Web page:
The University Museum of Zoology, Cambridge is one of the country’s largest and most important natural history museums, with over two million modern and fossil specimens covering the whole of the animal kingdom, with a global reach and through all geological periods where animals were found.
Embedded within the University of Cambridge’s Department of Zoology, and now physically sharing a building with the Cambridge Conservation Initiative (the world’s largest coming-together of international environmental NGOs, dedicated to helping to conserve biodiversity for future generations), a key strategic theme of the Museum is environmental conservation. Our collections and academic outputs lead and support on conservation research, and it is a principal theme in our interpretation and public and formal learning programmes. Our taxonomic and evolutionary research strands, explaining the origin of biodiversity and describing its distribution, are a significant complementary strength.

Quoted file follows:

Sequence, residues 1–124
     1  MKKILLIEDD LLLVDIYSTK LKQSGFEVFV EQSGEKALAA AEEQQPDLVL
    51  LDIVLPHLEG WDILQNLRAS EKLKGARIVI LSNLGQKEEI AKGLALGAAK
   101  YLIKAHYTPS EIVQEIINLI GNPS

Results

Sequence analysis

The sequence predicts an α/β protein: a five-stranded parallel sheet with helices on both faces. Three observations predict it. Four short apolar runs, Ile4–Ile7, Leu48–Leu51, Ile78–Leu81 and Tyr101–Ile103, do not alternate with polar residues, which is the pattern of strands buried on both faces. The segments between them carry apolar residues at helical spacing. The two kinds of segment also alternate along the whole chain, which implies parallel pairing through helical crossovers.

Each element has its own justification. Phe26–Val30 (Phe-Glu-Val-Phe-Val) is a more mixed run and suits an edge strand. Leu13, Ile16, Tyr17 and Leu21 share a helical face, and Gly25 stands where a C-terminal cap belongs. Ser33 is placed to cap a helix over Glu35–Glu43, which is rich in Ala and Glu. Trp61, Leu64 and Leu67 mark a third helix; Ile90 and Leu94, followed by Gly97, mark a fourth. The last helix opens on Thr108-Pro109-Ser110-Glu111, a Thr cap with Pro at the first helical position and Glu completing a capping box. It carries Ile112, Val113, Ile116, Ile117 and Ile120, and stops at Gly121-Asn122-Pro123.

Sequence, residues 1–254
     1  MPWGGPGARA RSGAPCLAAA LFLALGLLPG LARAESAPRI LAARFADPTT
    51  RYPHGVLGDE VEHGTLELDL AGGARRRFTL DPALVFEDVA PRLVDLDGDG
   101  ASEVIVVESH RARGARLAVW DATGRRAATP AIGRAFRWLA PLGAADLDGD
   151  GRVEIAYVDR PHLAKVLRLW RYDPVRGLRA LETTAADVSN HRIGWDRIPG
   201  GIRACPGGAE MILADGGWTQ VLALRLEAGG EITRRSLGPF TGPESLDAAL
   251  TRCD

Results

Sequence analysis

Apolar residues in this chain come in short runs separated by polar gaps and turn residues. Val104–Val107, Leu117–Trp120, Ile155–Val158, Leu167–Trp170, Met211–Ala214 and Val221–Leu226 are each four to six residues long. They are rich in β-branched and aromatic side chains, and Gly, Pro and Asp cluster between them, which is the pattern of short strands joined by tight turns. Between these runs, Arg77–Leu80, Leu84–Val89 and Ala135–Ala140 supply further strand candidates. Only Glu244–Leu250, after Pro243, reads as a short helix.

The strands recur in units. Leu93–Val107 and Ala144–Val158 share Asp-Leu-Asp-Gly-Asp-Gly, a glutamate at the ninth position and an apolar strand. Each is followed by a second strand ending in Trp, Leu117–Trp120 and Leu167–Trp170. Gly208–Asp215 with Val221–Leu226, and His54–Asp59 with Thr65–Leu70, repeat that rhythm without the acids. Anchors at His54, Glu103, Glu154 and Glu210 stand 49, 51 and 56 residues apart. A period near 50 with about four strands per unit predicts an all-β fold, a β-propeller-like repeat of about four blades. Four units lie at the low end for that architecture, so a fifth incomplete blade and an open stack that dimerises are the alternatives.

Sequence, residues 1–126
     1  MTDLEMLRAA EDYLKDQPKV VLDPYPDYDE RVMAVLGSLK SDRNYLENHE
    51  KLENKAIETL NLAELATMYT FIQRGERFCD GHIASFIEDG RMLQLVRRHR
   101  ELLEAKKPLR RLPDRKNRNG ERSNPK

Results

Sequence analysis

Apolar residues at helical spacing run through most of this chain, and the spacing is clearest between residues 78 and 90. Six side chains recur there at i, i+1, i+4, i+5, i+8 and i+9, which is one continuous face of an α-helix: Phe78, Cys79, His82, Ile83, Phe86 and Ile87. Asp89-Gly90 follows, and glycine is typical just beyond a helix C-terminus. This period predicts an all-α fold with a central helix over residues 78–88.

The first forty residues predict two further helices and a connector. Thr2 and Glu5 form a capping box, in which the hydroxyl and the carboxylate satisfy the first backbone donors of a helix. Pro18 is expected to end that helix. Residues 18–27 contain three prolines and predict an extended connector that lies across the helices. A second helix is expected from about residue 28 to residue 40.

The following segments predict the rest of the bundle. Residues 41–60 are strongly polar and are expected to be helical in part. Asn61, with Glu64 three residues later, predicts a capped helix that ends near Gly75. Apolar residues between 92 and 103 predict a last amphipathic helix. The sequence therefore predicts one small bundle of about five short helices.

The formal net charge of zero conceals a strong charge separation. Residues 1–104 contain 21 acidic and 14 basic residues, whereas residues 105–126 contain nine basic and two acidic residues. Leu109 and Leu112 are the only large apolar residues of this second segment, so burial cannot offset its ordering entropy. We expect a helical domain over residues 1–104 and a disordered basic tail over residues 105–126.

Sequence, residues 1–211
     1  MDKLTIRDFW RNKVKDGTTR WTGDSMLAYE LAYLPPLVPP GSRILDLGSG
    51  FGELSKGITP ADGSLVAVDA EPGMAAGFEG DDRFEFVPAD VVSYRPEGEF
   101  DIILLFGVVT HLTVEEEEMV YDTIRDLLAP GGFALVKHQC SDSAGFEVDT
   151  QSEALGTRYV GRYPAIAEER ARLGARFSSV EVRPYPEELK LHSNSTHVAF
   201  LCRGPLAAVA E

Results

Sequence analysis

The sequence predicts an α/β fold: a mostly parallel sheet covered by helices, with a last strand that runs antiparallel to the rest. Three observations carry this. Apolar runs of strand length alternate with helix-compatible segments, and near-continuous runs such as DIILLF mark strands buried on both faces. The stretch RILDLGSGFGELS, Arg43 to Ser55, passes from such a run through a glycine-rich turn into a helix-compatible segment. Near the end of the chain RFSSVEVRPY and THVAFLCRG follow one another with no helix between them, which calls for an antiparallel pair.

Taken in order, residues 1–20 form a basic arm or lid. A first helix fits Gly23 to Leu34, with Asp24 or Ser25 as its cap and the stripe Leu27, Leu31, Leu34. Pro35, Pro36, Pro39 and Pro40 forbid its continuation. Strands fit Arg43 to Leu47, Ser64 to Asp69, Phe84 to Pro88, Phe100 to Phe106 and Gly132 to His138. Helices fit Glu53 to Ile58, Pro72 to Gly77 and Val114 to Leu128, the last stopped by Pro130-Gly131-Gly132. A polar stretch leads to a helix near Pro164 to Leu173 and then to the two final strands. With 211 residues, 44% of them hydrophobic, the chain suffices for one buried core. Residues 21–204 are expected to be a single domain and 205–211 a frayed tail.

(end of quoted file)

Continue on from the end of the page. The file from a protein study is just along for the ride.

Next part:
The Museum of Zoology started life as two separate collections: a University Museum of Comparative Anatomy (from 1814) and another collection accumulated by the Cambridge Philosophical Society (from 1819). In 1865 both of these collections were housed together and the Museum of Comparative Anatomy and Zoology was built.
Most of the collections were acquired through expeditions and bequests between 1865 and 1915, although the Museum continues to collect new material each year. Many expeditions brought back collections of insects, marine invertebrates from the Indian Ocean, fish and amphibians from Africa and mammals and birds from Southeast Asia and Australia. Famous scientists such as Charles Darwin, Alfred Russel Wallace and William Bateson have all contributed to the two million-strong collection.
The 1865 building was demolished in 1965, to make way for a new building, designed by Philip Dowson, which opened in 1970 and was completed in 1974. The Museum closed to the public in 2013 to begin a major refurbishment, including the construction of a new glass entrance hall, within which hangs our most iconic specimen, a fin whale skeleton. The Museum reopened in June 2018, following the complete redevelopment of the galleries and the building of five new purpose-built climate-controlled stores.
All collections are accessible for use by visiting researchers, and we welcome collaboration.
East of England